An Interview with Blake Suarez

Lately we’ve been interviewing designers whose work we really admire, and today I’m really excited to publish an interview with designer and illustrator Blake Suarez. He was kind enough to agree to be interviewed about where he gets his inspiration from, his approach to starting new projects and his advice on the importance of stepping away from the screen. Thanks for being on the blog Blake!

Can you give a bit of a background as to how you got started as a designer?

It was pretty gradual. I’m sure all designers started drawing pretty young, as did I, but I slowly recognized I could make a living off of design right before college, which made me quickly realize I couldn’t sit in those big auditoriums. I mean I could, but I wasn’t paying any attention… so I swapped majors. From Organic chem and physical oceanography to art research and practice. I started freelancing around the same time when a close friend connected me with Warner Music. They had me illustrate some merchandise for Wiz Khalifa and Bruno Mars, which spurred a couple more jobs to get me started.

Un Pollo by Blake Suarez[Above:]

Where do you get your inspiration from, and which other designers work do you admire?

I need as much time away from the computer as possible. I started oystering with a friend who was harvesting off the Stono River in Charleston; Cyrus Buffum started up Seaborn Oyster Company and I immediately wanted in. It sounded like the perfect situation: being outside and something a little more physically demanding. Most of the time on the water we’ve got four hours of harvesting where you just walk, cull, and think, which gives me a lot of time to refresh and sit (or mostly not sit) with ideas. On top of that, I don’t think anything is more inspiring than nature. I could sit for hours watching oystercatchers interact with the pelicans on the oyster reef.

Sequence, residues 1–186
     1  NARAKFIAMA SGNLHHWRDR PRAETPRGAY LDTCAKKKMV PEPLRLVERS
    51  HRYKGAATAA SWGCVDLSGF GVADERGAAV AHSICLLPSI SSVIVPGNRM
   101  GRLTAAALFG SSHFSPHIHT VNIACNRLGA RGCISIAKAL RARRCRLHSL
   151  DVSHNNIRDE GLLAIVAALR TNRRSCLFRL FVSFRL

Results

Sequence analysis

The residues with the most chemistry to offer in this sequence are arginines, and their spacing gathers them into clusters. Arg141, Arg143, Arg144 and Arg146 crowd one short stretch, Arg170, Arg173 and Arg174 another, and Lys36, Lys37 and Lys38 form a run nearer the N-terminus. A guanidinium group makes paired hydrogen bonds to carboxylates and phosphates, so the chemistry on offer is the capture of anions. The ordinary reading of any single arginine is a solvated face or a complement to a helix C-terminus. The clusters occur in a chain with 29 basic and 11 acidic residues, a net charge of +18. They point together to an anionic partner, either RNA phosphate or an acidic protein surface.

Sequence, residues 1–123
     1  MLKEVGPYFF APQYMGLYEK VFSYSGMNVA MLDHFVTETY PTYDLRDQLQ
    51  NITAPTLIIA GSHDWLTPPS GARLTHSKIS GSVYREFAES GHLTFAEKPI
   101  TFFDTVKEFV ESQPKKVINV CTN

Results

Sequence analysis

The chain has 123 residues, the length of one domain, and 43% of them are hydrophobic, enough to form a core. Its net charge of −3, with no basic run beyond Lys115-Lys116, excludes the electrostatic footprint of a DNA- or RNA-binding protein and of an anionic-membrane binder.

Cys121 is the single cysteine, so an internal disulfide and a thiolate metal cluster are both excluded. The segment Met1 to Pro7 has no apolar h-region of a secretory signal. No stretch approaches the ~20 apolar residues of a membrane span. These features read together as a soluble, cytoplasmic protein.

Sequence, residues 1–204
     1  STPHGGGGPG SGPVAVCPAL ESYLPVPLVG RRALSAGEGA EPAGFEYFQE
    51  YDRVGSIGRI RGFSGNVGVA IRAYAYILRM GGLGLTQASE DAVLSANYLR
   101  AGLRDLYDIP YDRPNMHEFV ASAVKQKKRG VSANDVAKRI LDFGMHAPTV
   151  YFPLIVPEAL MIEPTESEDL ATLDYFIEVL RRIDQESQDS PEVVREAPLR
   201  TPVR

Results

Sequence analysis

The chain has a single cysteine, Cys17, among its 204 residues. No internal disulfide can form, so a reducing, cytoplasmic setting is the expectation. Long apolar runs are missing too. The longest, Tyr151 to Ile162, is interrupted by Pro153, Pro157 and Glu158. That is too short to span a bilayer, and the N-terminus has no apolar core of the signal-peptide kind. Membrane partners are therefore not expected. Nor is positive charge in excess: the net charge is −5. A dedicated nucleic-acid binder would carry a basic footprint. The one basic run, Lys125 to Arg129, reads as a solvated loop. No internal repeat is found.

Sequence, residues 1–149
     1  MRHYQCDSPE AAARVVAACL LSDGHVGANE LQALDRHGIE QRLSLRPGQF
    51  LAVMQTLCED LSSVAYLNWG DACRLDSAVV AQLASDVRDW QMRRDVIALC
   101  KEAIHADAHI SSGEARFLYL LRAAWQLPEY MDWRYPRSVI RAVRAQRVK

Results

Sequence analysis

I’m always super drawn to the work of Carson Ellis, Roman Muradov and Alvin Diec. I feel like they are constantly illustrating & designing gold.

Extra Bitter[Above:]

If you had to pick favourites, which of your designs do you like best?

That’s tough because a lot of them mean something to me. A lot of the brands I work for are mom and pop shops in town and I’ve developed wonderful relationships with these people, which makes me look back on the work pretty fondly. If I had to pick… I started illustrating posters for Leon’s Oyster Shop this year. It’s a restaurant in Charleston and the owner has given me a ton of freedom to draw and design whatever I feel like drawing, so that has been a wonderful outlet to experiment with.

What’s your process when you start a new project? Do you plan things out methodically or do you start sketching straight away?

I start sketching immediately, either loosely in a moleskine or right onto the computer. I usually have an idea of how I’d like something to work and then I hope it works when I start pushing the pieces together. If that doesn’t work, I usually need to step away for a while and meditate on the project some more.


Who would your dream client be?

Anyone with an environmental agenda or conservation objective. I’m dumbfounded by the number of people and companies that take this planet for granted. The ones working against those people are my heroes, and I want to work for them. I did some work for Patagonia right after college and would love to create some shirts with them again. Our local aquarium in Charleston also does a wonderful job giving back to mother nature and has a fantastic sea turtle rehabilitation center. They would be wonderful to work with!

Skull Mug[Above:]

What tips would you give to someone looking to get into design?

Remember to step away. When something doesn’t come to me, I go for a walk or sit outside in the hammock and geek out on birds. I just bought a book featuring almost every bird native to South Carolina and each one has about three pages worth of content to mull over. Give your mind a break to chill… or keep it stimulated with something other than screen time, like low-key ornithology.

A huge thanks to Blake for agreeing to be interviewed. If you want to see more of his work, you can check out his website and Dribbble portfolio, and follow him on Instagram and Twitter.

Submit a Comment